In this seminar we focus on the shift from conceptualising a research or PhD project to the articulation of a research profile. Researchers need to be able to articulate their overall research platform in a variety of instances – when applying for research funding, in job applications, in accounting for research activity over a period of time (such as in the Performance Based Research Fund, or when applying for continuation or promotion). The seminar will provide strategies for: developing a long-term research plan for a career; understanding the PBRF (and its international equivalents), its definition of research and contributing to the research environment.

  • Publishing: books and articles 
    A core activity of a successful researcher is publication. In this session, we will discuss the variety of publications a new researcher should consider (journal articles, book chapters, monographs) but will focus primarily on writing articles for journals, with particular emphasis on the review process, understanding the roles of editors and reviewers, and responding to reviewers.

  • Broader dissemination
    A key skill in the presentation of research (and in teaching) is oral presentation. This seminar will discuss the ways in which researchers can contribute to the academic conversation, network, and present at international forums. We will also reflect on the importance of engaging with the general public through the media.

  • Presentation skills workshop
    In this intensive full-day workshop you will get critical feedback on your presentation style from an expert in the field and from your peers.


Inter-semester break: Tuesday 30 June - Friday 17 July 2020


Semester two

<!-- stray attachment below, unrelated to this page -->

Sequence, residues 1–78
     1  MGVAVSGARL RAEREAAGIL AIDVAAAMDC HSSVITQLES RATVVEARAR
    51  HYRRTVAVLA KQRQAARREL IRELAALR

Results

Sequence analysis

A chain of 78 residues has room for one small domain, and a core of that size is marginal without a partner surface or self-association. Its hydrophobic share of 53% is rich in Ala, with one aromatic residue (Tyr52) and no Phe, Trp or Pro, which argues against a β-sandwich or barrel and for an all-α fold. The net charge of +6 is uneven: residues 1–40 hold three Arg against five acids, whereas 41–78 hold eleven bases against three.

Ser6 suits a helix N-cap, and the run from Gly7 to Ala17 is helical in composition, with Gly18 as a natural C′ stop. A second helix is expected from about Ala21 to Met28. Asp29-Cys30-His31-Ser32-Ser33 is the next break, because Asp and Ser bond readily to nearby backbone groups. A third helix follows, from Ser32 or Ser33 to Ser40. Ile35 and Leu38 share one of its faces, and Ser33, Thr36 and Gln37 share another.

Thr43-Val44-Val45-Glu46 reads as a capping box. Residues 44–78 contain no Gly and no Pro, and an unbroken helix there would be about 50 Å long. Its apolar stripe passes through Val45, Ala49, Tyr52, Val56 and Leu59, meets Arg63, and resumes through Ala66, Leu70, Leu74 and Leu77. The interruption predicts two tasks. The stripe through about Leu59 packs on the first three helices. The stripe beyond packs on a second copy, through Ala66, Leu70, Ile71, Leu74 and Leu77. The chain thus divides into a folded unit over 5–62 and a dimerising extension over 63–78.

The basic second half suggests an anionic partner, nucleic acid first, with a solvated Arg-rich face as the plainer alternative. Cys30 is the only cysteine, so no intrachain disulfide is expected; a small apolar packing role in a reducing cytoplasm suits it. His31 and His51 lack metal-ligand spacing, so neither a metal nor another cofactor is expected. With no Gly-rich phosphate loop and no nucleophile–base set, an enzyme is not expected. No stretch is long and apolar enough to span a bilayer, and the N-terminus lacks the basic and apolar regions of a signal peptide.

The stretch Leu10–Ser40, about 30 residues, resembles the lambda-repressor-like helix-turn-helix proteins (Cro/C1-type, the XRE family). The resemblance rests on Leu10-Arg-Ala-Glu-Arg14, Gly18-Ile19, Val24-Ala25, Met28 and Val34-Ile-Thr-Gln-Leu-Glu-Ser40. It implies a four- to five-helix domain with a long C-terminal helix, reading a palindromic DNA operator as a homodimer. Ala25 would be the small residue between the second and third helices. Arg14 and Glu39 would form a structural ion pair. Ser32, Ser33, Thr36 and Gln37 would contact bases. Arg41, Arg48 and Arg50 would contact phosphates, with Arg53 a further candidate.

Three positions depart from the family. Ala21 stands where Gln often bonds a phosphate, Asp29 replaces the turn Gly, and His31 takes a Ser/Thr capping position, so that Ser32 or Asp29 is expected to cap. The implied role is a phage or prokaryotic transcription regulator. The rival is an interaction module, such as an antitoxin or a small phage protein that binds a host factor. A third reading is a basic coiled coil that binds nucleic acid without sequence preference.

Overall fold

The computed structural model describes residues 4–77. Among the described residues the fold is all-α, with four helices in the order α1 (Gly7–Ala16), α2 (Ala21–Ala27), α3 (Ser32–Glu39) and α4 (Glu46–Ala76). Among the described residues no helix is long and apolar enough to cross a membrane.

• Teaching: performance
    The focus of this session will be the performance element of teaching, and will tie in with the previous session on presenting research and the full-day workshop. There will also be a comparative discussion of small group and large group teaching – are there different rules of engagement?

  • Reflective practice / creating a teaching profile
    In this class we'll discuss the purpose of teaching evaluation and consider some effective methods, including forms of student evaluation, and peer-observation. We will also introduce ideas of reflective practice in teaching.

  • Scholarship of teaching and learning
    Following the previous session, this aims to outline recent research literature in the scholarship of teaching and learning and will address issues relating to assessment, theories of how people learn, issues of pedagogy, and ideas about developing teaching philosophy.

  • Designing a course
    This session aims to put the theory into practice. Course design involves combining an understanding of pedagogical issues, and theories of learning and assessment, with disciplinary knowledge and research expertise. Participants will use the session to begin to shape an undergraduate course outline (in their disciplinary field) to be completed during the final weeks in consultation with the conveners.


  • Writing a professional image
    Representing oneself in applications for funding, for postdocs or for academic jobs is a skill that can be learned. This session aims to focus on developing this skill with a focus on practical outcomes for future applicants.

  • Future mapping: becoming leaders
    (includes graduation ceremony)
    This session will reprise initial discussions around what it means to be an academic in the 21st century with a focus on leadership. We will focus on what plans need to be made for achieving a successful academic career (considering all three facets of academic life: research, teaching and service); drafting the ideal CV (the participant in 2 years); understanding the system of promotion and continuation, and the academic scale; and planning for and working toward long-term goals.

Contact us

Zoë Pollard
Academic Programmes Admin
Phone: +64 9 923 8356